This is the strangest idea I've heard in a number of years. And stranger still, it may also be one of the best I've heard in a number of years.

A magazine is fair game for any crackpot or snake-oil salesman with a “revolutionary” invention, and normally a recent email would have had my credibility alarm ringing loud and long. A team of researchers claimed that it's come up with a way to cut tractor-trailer fuel consumption a whopping 12% by blowing compressed air through slots spread around the trailer.

If the fuel savings isn't outlandish enough, the researchers say this “pneumatic system” can also help control jackknifing and trailer sway, improve vehicle stability in ice and rain, shorten stopping distances, increase tire life and reduce wheel spray. Does it also make coffee and unload the freight?

I probably wouldn't have given the note a second glance if it wasn't for the source — it's the highly reputable Georgia Tech Research Institute (GTRI), which received funding for this particular project from the equally reputable Dept. of Energy's (DOE) Office of Heavy Vehicle Technologies. Even more impressive was the email's attachment, a formal paper presenting the group's research, experimental results and conclusions in great detail to their peers at SAE.

Borrowing from patented pneumatic systems developed in the 1970s to boost lift for airplanes, the GTRI team used a wind tunnel to test the concept on a tractor-trailer model. They found that blowing lightly compressed air over a curved surface on top of the trailer decreases drag by 35 to 50%, while also decreasing rolling resistance by lifting a portion of the vehicle's weight off the tires. A 35% drag reduction would translate into a 12% fuel savings by their calculations, or about 1.2 billion gallons of diesel a year in the U.S. The 50% number would raise the annual savings to 1.7 billion gallons.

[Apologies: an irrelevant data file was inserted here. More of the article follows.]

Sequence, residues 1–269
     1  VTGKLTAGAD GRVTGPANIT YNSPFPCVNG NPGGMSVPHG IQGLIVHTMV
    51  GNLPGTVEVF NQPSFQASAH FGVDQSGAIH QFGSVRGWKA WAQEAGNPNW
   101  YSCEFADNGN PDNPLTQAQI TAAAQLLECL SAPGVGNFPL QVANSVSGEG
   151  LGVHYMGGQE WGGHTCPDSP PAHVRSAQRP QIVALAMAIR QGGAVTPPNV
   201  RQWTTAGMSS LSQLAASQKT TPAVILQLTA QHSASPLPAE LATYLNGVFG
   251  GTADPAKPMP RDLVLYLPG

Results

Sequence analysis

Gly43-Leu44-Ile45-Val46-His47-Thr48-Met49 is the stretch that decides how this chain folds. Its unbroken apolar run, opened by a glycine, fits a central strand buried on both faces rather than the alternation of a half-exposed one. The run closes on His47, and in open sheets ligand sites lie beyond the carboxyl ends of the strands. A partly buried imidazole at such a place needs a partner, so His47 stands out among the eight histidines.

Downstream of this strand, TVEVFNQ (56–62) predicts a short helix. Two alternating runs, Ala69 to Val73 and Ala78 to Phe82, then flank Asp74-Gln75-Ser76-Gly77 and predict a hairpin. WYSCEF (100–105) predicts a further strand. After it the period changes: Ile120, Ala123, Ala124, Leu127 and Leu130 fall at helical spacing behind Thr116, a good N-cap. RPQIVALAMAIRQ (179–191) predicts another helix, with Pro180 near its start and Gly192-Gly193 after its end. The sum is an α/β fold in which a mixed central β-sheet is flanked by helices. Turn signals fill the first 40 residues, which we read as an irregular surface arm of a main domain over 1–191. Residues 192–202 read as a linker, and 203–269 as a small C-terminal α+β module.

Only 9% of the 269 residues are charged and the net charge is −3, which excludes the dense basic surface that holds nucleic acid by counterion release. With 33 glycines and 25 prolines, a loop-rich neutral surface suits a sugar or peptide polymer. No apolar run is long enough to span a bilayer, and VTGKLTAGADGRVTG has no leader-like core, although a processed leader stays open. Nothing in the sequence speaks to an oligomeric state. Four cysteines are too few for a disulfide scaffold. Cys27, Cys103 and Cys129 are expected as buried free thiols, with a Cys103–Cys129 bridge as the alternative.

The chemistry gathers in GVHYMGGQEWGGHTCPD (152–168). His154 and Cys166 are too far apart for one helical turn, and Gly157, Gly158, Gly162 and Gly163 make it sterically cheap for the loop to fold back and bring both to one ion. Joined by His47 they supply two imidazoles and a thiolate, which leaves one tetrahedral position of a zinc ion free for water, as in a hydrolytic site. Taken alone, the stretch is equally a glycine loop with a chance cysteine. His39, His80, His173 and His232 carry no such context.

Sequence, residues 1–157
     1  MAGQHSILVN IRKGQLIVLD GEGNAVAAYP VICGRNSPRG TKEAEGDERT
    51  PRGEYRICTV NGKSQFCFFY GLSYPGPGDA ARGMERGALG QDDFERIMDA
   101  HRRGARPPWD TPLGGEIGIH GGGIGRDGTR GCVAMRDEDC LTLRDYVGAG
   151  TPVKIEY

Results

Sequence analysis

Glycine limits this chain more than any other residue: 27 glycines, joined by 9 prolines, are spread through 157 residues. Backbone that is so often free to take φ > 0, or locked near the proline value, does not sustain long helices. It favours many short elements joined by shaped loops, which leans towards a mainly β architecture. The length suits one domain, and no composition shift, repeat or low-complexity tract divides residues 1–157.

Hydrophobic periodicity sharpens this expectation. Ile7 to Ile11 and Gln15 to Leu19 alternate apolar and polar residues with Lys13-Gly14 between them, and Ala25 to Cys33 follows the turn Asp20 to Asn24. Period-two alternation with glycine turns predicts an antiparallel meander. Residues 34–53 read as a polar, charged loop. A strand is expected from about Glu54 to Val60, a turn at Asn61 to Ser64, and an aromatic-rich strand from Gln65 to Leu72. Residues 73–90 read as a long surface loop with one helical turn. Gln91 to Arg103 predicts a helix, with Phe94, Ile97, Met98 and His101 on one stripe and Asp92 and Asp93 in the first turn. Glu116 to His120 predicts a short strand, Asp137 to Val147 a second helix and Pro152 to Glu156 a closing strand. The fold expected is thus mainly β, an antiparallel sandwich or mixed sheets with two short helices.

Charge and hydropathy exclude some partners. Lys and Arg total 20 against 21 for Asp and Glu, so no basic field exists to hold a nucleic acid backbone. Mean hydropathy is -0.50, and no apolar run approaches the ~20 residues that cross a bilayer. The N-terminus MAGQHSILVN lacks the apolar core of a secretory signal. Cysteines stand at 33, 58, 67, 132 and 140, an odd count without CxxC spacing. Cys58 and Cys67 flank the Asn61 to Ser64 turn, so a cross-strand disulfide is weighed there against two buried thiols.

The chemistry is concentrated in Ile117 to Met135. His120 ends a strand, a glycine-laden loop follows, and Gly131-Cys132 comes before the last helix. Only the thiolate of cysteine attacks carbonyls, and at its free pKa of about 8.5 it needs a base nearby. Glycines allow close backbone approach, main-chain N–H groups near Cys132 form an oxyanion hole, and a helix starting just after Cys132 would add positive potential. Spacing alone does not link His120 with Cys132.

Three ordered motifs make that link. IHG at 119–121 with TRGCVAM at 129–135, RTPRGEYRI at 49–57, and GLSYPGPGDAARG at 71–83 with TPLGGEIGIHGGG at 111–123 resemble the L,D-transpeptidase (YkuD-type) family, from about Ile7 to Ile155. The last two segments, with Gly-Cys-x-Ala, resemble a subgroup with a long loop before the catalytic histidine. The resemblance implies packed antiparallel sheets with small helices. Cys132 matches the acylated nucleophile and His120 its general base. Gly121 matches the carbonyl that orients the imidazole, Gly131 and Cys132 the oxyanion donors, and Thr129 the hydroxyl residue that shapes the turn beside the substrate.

Blowing air through a slot, or plenum, under the trailer had the opposite effect, increasing downward force on the tires for better brake performance and traction. Air pushed through slots on the trailer side could counter cross-winds as well as function as an aerodynamic brake, and air blown through slots at the rear of the trailer greatly reduced turbulence and spray behind the vehicle.

Yes, that's in a wind-tunnel with a model, but before you dismiss the idea as just another interesting but irrelevant experiment, consider that DOE was so impressed that they've decided to fund some real-world testing. As we go to press, DOE and GTRI engineers were planning to meet with truck and engine manufacturers, ATA and the Dept. of Transportation to work out the details for a road test before the year is out.

We'll keep you posted on this particular crazy idea as they move ahead with the tests. In the meantime, if you'd like all the technical details, you can order “Advanced Aerodynamic Devices to Improve Performance, Economics, Handling and Safety of Heavy Vehicles” (SAE Paper 2001-01-2072) at the organization's web site

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